Satellite-tracked Migrations by Galápagos Green Turtles and the Need for Multinational Conservation Efforts

Over the last two decades there has been a dramatic increase in the application of satellite telemetry to track the movements of threatened and endangered species. Among the taxa that have benefited the most from these efforts are sea turtles. Every few years, adults of most sea turtle species undertake long-distance migrations between nesting sites and foraging areas; satellite telemetry is an ideal tool for determining where these areas are, and the migratory routes followed by adult turtles as they move between them. More importantly, for conservation purposes, this tool provides a better understanding of the amount of time turtles spend in international waters and economic exclusive zones (EEZs) of various nations, and thus can highlight the potential susceptibility of sea turtles to human impacts (i.e., fisheries bycatch and hunting) that occur in these areas. This understanding is critical for improving conservation measures and maintaining healthy sea turtle populations.

In a recent study by Seminoff et al. (2008), the movements of 12 green turtles (Chelonia mydas) were tracked by satellite telemetry after nesting in the Galápagos Islands. Turtles were tracked for up to 100 days (mean = 64 days) and moved between 75 and 1540 km away from their nesting sites. Three distinct post-nesting migratory strategies were observed, including residency within the Galápagos migrations to Central America, and movements into oceanic waters southwest of the Galápagos.

Green turtles occupied international waters as well as EEZ of Colombia, Panama, Costa Rica, Ecuador and Nicaragua. In two cases, green turtles apparently reached coastal foraging area destinations (in Nicaragua and Panama). As the first-ever satellite telemetry research on Galápagos green turtles, novel insights gained about this insular nesting stock will be useful for the justification and implementation of conservation measures throughout the region. For example, with 10 of the 12 tracked turtles departing the Galápagos after nesting, the results of this study indicate that threats to the Galápagos nesting population, such as bycatch in high-seas fisheries gear, may be much more substantial in overall impact to the population than previously considered. These wide-ranging movements (see Fig.1) underscore the need for conservation efforts to be multinational in scope and multidisciplinary in action.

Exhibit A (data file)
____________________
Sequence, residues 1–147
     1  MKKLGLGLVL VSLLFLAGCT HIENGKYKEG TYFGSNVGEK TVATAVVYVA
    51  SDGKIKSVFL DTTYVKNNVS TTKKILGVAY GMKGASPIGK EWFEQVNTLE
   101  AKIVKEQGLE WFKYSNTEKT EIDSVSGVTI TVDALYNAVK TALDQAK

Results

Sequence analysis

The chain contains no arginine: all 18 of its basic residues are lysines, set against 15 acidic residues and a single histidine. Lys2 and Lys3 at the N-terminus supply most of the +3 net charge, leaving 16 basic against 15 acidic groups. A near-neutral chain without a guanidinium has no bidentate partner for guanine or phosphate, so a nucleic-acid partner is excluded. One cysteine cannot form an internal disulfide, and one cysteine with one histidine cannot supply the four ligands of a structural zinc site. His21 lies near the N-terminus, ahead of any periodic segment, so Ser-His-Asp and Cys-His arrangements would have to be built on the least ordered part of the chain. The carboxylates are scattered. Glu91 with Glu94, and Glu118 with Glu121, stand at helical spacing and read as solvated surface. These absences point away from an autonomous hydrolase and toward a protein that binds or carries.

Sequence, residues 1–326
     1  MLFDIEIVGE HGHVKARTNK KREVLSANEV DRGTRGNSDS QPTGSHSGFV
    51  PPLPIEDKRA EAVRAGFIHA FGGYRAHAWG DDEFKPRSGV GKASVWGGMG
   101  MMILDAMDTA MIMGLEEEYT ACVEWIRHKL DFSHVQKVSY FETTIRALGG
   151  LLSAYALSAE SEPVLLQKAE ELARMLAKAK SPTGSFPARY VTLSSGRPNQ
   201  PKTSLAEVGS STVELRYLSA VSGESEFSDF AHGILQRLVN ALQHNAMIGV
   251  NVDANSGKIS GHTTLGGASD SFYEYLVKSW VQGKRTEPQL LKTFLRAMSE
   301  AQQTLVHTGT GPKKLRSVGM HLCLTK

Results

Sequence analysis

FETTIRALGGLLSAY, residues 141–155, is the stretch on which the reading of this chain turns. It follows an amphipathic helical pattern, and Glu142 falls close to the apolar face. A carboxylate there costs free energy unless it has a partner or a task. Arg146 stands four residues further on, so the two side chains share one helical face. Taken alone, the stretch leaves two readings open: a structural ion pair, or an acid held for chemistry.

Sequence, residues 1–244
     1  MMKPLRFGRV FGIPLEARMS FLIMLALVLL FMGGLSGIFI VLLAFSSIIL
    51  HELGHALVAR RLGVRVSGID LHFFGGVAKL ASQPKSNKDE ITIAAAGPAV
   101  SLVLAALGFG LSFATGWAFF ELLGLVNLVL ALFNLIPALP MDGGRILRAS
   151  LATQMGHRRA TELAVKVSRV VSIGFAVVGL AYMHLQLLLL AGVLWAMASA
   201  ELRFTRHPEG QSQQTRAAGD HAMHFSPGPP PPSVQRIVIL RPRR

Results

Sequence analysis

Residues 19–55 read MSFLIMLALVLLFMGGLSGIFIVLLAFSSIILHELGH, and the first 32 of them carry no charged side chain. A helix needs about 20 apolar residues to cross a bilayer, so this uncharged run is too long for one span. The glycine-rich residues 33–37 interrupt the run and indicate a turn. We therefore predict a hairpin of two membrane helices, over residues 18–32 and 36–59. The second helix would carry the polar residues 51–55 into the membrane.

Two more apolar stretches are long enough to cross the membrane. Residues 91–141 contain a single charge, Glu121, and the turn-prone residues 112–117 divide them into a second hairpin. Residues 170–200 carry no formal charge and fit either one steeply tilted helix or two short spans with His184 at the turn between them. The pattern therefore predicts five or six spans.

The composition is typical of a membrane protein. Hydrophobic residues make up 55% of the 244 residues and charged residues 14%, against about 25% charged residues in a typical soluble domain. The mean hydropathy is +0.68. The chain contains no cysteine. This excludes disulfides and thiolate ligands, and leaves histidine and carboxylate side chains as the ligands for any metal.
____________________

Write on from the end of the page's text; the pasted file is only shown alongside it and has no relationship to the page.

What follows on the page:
While no single law or treaty can be 100% effective at minimizing anthropogenic impacts to sea turtles in these areas, there are several international conservation agreements and laws in the region that, when taken together, provide a framework under which sea turtle conservation advances can be made. In addition to protection from the Galápagos Marine Reserve (GMR), green turtles may benefit from the following:
1) the ETP (Eastern Tropical Pacific) Marine Corridor (CMAR) Initiative agreed to by the governments
of Costa Rica, Panama, Colombia, and Ecuador, which is a voluntary effort to work towards sustainable use and conservation of marine resources in these countries’ waters;
2) the Eastern Tropical Pacific Seascape Program managed by Conservation International that supports cooperative marine management in the ETP, including implementation of the CMAR;
3) the Inter-American Tropical Tuna Commission (IATTC) and its bycatch reduction efforts that are among the world’s finest for regional fisheries management organizations;
4) the Inter-American Convention for the Protection and Conservation of Sea Turtles (IAC), which is
designed to lessen impacts on sea turtles from fisheries and other human impacts; and
5) the Permanent Commission of the South Pacific (Lima Convention), which has developed an Action Plan for Sea Turtles in the Southeast Pacific.

The conservation of green turtles in the ETP will require successful implementation and greater integration among the region’s international instruments and accords. New legislation and enforcement of existing laws that curb the flow of turtle products in the region’s coastal communities is also necessary, although it is increasingly clear that any such instruments will only be effective if the underlying human social drivers, such as local demand for sea turtle products or increasing fleet sizes despite lower target species catch rates, are also addressed. By implementing both new and existing conservation measures in an integrated manner, management efforts may be more effective at providing habitat protection that extends from nesting beaches and inter-nesting habitats within the GMR to far off coastal and offshore foraging areas, thereby conserving all life-history phases of green turtles in the ETP.

Originally published as:
Seminoff, J.A., P. Zárate, M. Coyne, D. G. Foley, D. Parker, B.N. Lyon, P.H. Dutton. 2008. Post-nesting migrations of Galápagos green turtles Chelonia mydas in relation to oceanographic conditions: integrating satellite telemetry with remotely sensed ocean data. Endangered Species Research 4: 57–72.

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2008 Jun